Colombia's FARC guerrilla army have walked away from peace talks with the government. The Marxist rebels say they need time to review a government plan to put any peace deal to a popular vote.
The decision to suspend peace talks that began nine months ago in Havana, Cuba was temporary, the Revolutionary Armed Forces of Colombia (FARC) emphasized late on Friday.
"The FARC has decided to take a pause from the discussion table to focus exclusively on analyzing the reach of the government proposal, without detriment to the internal consultation it must perform as an organization," the rebels said in a statement.
It comes after Colombian President Juan Manuel Santos announced that he was asking Congress to consider a bill, which would see a public referendum on an eventual peace deal coincide with congressional or presidential elections next year.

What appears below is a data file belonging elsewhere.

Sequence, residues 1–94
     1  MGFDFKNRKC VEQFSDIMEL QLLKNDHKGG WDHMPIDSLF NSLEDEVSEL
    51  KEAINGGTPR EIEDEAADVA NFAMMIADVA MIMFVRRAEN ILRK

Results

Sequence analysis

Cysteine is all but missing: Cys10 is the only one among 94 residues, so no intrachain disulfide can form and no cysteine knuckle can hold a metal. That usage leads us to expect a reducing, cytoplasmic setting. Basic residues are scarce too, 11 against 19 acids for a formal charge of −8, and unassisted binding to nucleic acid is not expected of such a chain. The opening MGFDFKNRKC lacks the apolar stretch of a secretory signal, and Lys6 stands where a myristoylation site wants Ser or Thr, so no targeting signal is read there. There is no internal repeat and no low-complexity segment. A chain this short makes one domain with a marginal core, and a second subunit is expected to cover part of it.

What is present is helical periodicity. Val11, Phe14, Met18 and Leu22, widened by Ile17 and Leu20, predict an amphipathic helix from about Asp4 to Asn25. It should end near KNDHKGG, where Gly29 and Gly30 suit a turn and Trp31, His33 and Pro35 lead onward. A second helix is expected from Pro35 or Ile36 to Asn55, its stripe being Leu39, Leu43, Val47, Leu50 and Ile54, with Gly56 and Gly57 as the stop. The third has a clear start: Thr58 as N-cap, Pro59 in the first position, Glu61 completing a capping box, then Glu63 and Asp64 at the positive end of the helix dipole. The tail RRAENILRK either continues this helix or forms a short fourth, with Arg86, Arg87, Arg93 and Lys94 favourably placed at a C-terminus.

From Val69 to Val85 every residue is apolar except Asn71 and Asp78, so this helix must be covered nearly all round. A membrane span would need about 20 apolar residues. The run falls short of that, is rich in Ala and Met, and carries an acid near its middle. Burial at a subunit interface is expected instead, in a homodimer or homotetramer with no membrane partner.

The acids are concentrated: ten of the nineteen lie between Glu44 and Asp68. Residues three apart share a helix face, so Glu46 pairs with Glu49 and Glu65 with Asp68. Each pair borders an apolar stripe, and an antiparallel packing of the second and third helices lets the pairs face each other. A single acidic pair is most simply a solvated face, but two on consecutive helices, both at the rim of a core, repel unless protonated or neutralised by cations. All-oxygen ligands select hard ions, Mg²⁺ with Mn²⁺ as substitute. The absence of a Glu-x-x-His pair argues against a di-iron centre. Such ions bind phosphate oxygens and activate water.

Santos called the suspension "perfectly legitimate," but also said that the "Colombian people's patience has a limit."
The rebels insist on a constitutional convention to enshrine a peace deal in the country's constitution. They do not trust that a referendum could protect agreements reached in Havana.
Colombians are desperate to see an end to the war that has killed more than 200,000 people and displaced millions since it began in 1964. FARC began as a struggle against rural inequality. Although it has been severely weakened in the past 10 years by a heavy U.S.-backed offensive, it remains a considerable threat.
Earlier this year, a preliminary accord was struck on agrarian reform. "We have made much progress, I must reiterate that point," Santos said. "The agreement we reached on the first point [agrarian reform] is a transcendental agreement. Nobody, or few, imagined we would reach a deal on that first point."
ng/slk (Reuters, AP)